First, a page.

Kaleidoscope

Review by David Jenkins @daveyjenkins

Directed by

Rupert Jones

Starring

Anne Reid Sinead Matthews Toby Jones

Anticipation.

A Brit chiller starring the ever-reliable Toby Jones.

Enjoyment.

Solid performances, but hard to invest in this hysterical drama.

In Retrospect.

Will still be interesting to see where Rupert Jones heads next.

Toby Jones stars as a nervy ex-con in his brother Rupert’s Hitchcockian, council estate-set thriller.

This underpowered, cod-Freudian psychodrama from writer/director Rupert Jones opts for reality-warping acrobatics over cogent drama at nearly ever turn. In the lead is Jones’ brother Toby, reliable, diligently immersed as ever in the role of oddball loner Carl, whose tragic, claustrophobic existence appears to stem from emotional traumas he suffered as a nipper. The kaleidoscope of the title is a trinket owned by Carl and serves as a contrived visual metaphor for childhood nostalgia, and a world in which beauty and pleasure are transient at best.

Carl lives alone in a tower block, and it’s a sad life all told, despite the fact that he appears a very affable type of guy. Friendly status updates with his neighbour initially attest to his normalcy, though it transpires that he is (unsurprisingly) unlucky in love. He plucks up the courage to wade headlong into a the world of online dating, purely as a way to alleviate his loneliness. But when he finally gets Abby (Sinead Matthews) home, in her figure-hugging blood-red jeans, she seems familiar from a short prologue in which Carl discovers a woman’s corpse in his bathroom. The question, then, is how we bridge the gap from highly awkward flirting to what appears to be murder.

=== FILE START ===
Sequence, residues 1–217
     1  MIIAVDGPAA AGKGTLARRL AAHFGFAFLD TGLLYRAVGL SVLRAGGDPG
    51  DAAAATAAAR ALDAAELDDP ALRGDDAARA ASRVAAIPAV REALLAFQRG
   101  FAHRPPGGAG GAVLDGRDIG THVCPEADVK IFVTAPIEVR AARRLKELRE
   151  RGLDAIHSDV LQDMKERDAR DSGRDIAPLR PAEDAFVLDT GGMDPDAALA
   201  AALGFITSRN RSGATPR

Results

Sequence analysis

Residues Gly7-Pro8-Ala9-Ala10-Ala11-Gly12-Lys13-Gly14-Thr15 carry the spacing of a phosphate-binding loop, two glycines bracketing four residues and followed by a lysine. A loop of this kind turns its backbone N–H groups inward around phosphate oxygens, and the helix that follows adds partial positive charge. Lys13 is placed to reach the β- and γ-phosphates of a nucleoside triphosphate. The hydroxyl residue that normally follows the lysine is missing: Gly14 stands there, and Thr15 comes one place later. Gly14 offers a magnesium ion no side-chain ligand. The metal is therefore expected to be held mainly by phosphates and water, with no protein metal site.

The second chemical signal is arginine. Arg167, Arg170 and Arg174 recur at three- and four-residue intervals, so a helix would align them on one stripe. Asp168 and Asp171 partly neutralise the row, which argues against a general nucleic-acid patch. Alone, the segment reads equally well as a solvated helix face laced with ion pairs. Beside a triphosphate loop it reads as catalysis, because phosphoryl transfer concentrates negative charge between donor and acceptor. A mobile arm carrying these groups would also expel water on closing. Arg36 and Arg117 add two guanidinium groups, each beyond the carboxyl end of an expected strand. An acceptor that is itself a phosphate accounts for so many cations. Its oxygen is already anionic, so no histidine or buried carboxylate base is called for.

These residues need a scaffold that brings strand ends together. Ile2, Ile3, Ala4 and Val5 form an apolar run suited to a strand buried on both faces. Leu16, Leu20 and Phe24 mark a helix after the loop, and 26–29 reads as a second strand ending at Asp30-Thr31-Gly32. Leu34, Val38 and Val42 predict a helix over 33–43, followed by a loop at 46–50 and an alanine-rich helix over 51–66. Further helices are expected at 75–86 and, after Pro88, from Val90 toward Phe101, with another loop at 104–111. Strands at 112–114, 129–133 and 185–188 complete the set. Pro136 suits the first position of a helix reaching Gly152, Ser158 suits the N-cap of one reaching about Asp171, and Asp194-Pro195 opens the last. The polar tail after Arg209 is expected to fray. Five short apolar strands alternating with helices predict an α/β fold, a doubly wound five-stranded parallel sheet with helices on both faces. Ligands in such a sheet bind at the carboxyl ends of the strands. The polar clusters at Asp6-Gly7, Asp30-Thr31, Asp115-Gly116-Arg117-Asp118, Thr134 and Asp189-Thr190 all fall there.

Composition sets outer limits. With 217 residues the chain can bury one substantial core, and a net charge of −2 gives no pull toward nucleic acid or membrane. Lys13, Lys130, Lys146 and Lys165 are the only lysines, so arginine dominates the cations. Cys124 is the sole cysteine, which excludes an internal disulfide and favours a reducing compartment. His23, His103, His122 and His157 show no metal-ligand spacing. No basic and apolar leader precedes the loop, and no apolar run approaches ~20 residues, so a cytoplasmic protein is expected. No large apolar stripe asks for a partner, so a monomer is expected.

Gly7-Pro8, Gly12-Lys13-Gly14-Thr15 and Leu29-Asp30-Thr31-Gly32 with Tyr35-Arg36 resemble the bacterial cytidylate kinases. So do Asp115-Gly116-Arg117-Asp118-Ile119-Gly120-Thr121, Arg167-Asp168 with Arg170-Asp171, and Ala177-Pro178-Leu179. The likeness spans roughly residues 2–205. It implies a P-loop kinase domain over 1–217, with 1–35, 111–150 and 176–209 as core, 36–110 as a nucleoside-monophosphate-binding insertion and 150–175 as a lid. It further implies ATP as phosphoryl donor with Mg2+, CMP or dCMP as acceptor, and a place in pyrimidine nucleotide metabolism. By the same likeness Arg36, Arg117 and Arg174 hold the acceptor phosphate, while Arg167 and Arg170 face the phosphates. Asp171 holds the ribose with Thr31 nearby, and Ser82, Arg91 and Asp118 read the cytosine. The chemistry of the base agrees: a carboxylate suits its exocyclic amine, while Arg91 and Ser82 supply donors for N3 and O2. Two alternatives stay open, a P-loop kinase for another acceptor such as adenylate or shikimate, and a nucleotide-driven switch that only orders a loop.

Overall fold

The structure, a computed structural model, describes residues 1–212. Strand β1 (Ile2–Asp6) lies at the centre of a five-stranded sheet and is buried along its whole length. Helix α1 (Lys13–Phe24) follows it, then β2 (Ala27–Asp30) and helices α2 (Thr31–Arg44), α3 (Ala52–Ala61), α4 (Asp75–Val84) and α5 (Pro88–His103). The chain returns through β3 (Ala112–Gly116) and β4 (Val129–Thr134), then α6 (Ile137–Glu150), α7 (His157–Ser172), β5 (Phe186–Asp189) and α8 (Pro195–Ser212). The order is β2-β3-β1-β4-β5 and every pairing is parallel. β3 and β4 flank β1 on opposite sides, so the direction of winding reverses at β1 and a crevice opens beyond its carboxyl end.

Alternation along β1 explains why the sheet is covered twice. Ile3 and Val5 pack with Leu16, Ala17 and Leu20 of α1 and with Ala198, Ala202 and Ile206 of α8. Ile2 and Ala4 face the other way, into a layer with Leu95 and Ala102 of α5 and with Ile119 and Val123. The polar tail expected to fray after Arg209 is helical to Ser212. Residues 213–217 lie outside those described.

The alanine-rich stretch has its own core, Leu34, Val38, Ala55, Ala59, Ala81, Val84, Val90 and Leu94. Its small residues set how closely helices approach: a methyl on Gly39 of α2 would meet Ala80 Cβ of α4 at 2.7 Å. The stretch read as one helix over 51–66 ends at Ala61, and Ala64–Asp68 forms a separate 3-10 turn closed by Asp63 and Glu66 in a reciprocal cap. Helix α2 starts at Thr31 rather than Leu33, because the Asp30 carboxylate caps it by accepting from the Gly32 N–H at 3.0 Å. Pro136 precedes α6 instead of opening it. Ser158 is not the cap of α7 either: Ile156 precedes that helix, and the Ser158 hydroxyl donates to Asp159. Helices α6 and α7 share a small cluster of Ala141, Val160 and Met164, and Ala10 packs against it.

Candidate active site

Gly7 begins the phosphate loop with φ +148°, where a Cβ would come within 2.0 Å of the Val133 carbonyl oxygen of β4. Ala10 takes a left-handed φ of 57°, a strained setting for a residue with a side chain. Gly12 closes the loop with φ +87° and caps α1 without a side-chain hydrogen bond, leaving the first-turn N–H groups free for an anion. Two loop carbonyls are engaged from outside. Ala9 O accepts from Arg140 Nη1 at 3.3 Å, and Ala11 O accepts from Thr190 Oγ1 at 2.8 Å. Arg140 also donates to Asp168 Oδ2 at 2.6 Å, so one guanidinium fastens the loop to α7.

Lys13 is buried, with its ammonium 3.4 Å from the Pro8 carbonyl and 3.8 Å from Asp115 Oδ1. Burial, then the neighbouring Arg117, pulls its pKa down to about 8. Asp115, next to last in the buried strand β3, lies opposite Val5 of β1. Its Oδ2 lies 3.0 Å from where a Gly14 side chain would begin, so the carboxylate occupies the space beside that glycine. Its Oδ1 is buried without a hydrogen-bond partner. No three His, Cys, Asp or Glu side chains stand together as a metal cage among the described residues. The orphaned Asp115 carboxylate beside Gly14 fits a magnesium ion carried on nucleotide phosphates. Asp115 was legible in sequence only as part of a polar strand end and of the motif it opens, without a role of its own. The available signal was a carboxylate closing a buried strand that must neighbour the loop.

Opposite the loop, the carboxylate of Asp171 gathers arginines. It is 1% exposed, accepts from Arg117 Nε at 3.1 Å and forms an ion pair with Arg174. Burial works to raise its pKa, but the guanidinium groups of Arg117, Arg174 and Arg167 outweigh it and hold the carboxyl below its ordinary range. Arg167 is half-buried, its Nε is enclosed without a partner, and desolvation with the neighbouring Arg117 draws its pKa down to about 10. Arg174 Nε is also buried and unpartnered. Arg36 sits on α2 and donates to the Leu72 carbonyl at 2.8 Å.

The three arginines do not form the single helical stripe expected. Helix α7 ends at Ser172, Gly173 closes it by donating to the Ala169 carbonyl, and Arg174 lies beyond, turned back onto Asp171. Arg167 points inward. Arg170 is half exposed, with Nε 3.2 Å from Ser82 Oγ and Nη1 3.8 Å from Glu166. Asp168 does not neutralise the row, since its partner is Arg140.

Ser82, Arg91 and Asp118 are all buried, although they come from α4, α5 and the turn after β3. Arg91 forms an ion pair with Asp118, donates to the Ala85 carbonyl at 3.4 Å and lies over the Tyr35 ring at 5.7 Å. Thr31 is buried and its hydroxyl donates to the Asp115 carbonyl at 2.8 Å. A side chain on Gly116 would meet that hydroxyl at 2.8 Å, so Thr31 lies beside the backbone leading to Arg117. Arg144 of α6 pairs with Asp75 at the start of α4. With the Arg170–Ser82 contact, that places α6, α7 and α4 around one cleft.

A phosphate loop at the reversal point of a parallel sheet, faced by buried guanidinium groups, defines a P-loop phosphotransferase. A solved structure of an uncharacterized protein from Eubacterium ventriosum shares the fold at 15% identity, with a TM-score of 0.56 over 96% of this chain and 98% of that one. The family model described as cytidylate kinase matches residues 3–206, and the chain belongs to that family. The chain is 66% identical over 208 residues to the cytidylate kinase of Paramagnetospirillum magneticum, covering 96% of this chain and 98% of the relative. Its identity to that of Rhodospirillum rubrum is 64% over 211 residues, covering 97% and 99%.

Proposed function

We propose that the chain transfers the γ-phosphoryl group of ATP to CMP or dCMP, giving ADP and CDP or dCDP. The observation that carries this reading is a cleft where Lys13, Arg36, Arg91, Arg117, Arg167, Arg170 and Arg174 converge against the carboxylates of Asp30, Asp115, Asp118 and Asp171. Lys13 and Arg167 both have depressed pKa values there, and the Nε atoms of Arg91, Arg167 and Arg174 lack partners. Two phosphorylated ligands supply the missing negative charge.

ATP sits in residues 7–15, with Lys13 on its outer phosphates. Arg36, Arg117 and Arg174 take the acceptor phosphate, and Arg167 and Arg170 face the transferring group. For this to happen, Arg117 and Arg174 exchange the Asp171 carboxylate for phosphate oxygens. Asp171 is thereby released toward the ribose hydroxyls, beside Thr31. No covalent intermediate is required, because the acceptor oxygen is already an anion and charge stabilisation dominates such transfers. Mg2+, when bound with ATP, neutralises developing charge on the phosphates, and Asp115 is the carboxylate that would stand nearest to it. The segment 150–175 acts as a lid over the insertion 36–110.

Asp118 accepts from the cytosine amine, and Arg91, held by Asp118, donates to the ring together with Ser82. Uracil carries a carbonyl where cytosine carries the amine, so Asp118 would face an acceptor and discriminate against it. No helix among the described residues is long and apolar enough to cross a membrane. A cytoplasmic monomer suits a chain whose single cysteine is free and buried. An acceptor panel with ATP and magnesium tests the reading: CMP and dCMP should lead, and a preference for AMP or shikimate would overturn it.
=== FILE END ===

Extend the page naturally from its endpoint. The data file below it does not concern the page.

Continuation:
Timeframes and true identities are blurred, and it becomes evident early on that Rupert Jones isn’t asking the viewer to take anything at face value. The revelation that Carl is an ex-convict prompts further questions regarding the veracity of events, as well as his supposed innocence as the mollycoddled son simply attempting to break free from the iron grip of his domineering mother (Anne Reid). A significant ellipsis between Carl’s romantic bungling with Abby and her death is what drives matters forward, as we join the “hero” in his attempts to fill in this important blank.

It’s a decently put together film, but unfortunately it never feels more than an exercise in technical bravura and simplistic, cinematically practical musings on the inner workings of the mind. The links drawn between cinema and the internal conscious feel deeply contrived, to the point where it’s very difficult to extend empathy towards anyone on screen. Jones has clearly spent a lot of time thinking about how all the pieces fit together into a pretty, symmetrical shape, but life and genuine human emotion are rarely so neat.

Published 8 Nov 2017

Tags: Toby Jones

Anticipation.

A Brit chiller starring the ever-reliable Toby Jones.

Enjoyment.

Solid performances, but hard to invest in this hysterical drama.

In Retrospect.

Will still be interesting to see where Rupert Jones heads next.

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